Since “Lev Grossman third book” seems to be the most frequent search term leading people to this site (something I’m probably not helping at all by using that phrase to start off this interview), I think it’s only fair to post a brief follow-up to last year’s long interview with Lev Grossman to ask about The Magician’s Land, the forthcoming sequel to The Magicians and The Magician King.
Far Beyond Reality: So, Lev, how is the new novel coming along?
Lev Grossman: At this exact moment, it is in a state of crisis.
Not in a terrible way. I plan ahead a lot — I’m a big outliner—but the best things I write generally come when the plan fails and the outline breaks down and I have to start improvising. That’s what’s happening right now. The plan failed, bigtime.
There is a solution, but it involves me throwing out large chunks of story that I’ve spent a lot of time on. That’s a bit painful. But as Robert De Niro says, the map is not the territory. And the outline is not the novel.
FBR: In our last interview, you mentioned that you hadn’t planned out the plot for The Magician’s King when you were writing The Magicians. Did you ever feel like you’d “painted yourself into a corner” while writing the sequels? In retrospect, is there anything you wish you’d done differently in The Magicians or The Magician King?
Lev Grossman: I said earlier that I plan ahead a lot, which is true, but you’re right, while I’m writing a book I’m never planning the sequel, at least not consciously. My theory is, if the underlying logic of a book is solid, then the next iteration of it should be solid too.
Only once did I really feel like I painted myself into a bit of a corner. Towards the end of The Magicians, when Quentin is living with the centaurs, he studies a lot and gets quite powerful. Too powerful. I had to take his power levels down a lot in The Magician King, to make the plot work. I justified that by saying that he’d gotten fat and lazy. And it’s true, he did. But it’s also true that I needed him to get fat and lazy for the plot.
FBR: Has anything changed in your writing process since your previous novels? Do you feel like you’ve changed as a writer over the years?
Lev Grossman: Someone, maybe it was Neil Gaiman, once said that you never learn how to write novels, you just learn how to write the particular novel you happen to be writing at the time. The next one is a completely different problem. Every novel demands its own bespoke, purpose-built process.
But even beyond that, a lot has changed. God – when I started The Magicians I didn’t even drink coffee. The most important change comes from the simple fact that now I sell my books before they’re finished. While I was writing The Magicians I was constantly battling a lack of confidence, and a fear – nay, a certainty – that after five years of work the book would never be published, and I’d have wasted all that time. I don’t worry about that as much, not anymore.
Also I’m not depressed. I struggled a lot with depression while I was writing The Magicians. I’ve gotten help with that since then. And that changes you as a writer too.
FBR: What about The Magician’s Land will surprise fans of the first two novels most?
Lev Grossman: I don’t want to get too specific. The surprise is kind of the whole point: I always like to feel like I’m trying to push the characters and the plot into places that readers simply would not have believed they could possibly go. And I don’t want to spoil that. There are scenes in The Magician’s Land that I never, ever thought I would write.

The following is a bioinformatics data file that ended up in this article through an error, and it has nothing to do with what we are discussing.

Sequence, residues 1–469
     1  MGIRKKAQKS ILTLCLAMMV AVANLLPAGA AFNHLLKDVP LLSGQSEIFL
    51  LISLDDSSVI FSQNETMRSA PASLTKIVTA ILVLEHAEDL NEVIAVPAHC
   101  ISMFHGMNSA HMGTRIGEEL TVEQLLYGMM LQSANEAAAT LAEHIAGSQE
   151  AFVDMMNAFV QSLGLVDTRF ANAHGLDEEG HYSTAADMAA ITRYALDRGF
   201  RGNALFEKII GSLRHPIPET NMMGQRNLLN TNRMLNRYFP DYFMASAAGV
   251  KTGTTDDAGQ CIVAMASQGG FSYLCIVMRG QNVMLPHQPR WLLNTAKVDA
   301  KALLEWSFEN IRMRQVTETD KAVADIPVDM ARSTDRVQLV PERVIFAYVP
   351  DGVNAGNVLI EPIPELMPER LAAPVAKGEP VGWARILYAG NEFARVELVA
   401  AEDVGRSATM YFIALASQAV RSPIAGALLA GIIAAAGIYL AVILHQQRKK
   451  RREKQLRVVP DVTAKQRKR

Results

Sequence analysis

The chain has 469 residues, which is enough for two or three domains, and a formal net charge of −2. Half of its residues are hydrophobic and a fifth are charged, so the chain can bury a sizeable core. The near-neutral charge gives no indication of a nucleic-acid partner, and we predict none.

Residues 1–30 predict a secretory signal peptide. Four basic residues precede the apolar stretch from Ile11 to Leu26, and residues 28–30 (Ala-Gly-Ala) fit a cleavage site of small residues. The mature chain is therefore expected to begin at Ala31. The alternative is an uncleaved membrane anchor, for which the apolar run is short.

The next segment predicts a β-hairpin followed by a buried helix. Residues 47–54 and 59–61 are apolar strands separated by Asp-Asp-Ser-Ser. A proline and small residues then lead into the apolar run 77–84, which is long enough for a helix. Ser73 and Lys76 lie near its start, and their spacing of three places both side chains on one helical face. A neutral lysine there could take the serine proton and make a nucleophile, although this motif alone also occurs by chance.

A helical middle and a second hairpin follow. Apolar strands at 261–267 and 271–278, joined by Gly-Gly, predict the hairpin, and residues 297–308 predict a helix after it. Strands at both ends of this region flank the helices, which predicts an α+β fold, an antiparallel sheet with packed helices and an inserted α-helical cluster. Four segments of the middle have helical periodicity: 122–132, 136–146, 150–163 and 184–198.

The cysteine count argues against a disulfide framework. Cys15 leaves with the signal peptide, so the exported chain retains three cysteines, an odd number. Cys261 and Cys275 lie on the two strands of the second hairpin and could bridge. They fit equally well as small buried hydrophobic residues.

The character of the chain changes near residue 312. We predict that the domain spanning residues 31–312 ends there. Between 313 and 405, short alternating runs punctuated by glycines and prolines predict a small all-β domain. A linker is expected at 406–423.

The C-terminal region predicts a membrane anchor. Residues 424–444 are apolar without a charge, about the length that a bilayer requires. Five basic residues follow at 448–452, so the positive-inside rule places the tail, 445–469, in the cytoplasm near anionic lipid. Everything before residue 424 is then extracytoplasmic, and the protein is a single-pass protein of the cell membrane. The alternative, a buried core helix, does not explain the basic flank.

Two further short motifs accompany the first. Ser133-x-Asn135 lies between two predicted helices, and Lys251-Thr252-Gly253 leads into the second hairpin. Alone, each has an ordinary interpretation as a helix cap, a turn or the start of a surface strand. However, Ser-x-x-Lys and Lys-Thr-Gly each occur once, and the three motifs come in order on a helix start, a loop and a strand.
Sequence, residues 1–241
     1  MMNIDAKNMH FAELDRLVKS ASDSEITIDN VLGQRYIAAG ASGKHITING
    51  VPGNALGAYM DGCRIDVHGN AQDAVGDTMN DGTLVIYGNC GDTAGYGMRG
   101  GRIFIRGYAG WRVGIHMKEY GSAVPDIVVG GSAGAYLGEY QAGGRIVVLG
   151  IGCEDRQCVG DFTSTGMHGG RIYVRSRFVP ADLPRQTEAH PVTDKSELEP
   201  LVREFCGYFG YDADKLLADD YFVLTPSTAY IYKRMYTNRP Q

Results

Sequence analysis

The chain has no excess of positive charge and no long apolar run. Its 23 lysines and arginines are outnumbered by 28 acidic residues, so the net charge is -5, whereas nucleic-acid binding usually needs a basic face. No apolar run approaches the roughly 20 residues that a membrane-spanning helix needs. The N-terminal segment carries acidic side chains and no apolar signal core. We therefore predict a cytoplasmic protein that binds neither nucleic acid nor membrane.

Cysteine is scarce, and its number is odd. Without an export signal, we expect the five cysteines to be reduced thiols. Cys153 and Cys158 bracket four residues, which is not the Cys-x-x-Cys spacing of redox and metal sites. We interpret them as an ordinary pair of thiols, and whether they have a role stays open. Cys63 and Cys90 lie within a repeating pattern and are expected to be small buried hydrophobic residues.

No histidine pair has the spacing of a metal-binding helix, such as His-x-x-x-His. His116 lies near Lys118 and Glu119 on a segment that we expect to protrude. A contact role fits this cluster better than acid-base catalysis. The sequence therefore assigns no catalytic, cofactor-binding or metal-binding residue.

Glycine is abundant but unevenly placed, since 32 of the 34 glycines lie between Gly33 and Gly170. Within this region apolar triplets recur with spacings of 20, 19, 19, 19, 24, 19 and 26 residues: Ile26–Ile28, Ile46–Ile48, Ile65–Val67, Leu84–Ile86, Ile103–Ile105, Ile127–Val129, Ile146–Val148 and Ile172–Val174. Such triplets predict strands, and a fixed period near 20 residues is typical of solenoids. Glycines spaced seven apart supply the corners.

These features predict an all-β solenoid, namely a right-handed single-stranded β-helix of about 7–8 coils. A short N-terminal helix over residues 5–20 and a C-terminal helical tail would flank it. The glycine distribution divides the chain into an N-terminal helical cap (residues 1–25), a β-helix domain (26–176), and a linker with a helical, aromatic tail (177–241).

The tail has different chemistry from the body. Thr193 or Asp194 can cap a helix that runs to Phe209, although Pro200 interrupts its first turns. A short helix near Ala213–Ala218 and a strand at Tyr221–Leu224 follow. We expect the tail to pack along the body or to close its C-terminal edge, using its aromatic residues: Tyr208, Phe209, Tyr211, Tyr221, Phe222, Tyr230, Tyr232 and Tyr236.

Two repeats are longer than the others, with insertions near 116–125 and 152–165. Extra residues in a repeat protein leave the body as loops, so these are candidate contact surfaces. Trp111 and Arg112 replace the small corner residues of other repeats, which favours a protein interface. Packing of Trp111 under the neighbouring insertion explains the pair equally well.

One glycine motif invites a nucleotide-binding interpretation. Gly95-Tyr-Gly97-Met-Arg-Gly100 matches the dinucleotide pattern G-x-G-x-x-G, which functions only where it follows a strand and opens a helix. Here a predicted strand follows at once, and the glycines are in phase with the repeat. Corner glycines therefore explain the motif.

But I think readers will be surprised to find themselves back at Brakebills. And there are quite a few chapters from the point of view of someone we’ve never met before, a Brakebills undergraduate named Plum, who is herself harboring a rather surprising secret.
FBR: Is there an approximate publication date for the book yet?
Lev Grossman: Very approximate. Definitely 2014. That’s all I know at this point. I would tell you more if I knew, but I don’t decide these things. The publisher does.
FBR: How about an excerpt? Maybe something longer than those two tiny paragraphs you sent to Omnivoracious?
Lev Grossman: Back, foul devil! Tempt me not into oversharing.
FBR: Moving on! In our first interview you mentioned to me that you were working on something non-Magicians-related. Is that still in the works, and can you give us an idea about that book?
Lev Grossman: Nobody knows anything about that novel except for my wife. And I think I talked about it once when I’d had too much to drink at a dinner party. I need to keep it under wraps for now, until it’s (God willing) sold. But I will say that I’ve written slightly more than half of it, and I’m pretty happy with it. So with any luck it will follow hard on the heels of The Magician’s Land.
FBR: As a cello player, which cello pieces do you recommend? Any specific performances or recordings?
Lev Grossman: Here are my High Fidelity-style top 5 cello pieces:
– Beethoven sonata no 3 in A major
– Haydn C major concerto
– Brahms e minor sonata
– Dvorak cello concerto
– obviously all the Bach suites
FBR: And finally, to end on a lighter note, if you were to write a Pixar-like blooper reel for the Magician novels, what would be the first scene(s)?
Lev Grossman: Ha! That’s a good question. Probably it’s Quentin on his first day in class at Brakebills, trying to pull off the trick where he tosses the marble up and catches it on the back of his neck. For the first five minutes of the blooper reel, it’s just him tossing the marble and missing it 30 times in a row, while the extras applaud him ironically.
Thanks to Lev Grossman for once again taking the time to answer my questions!
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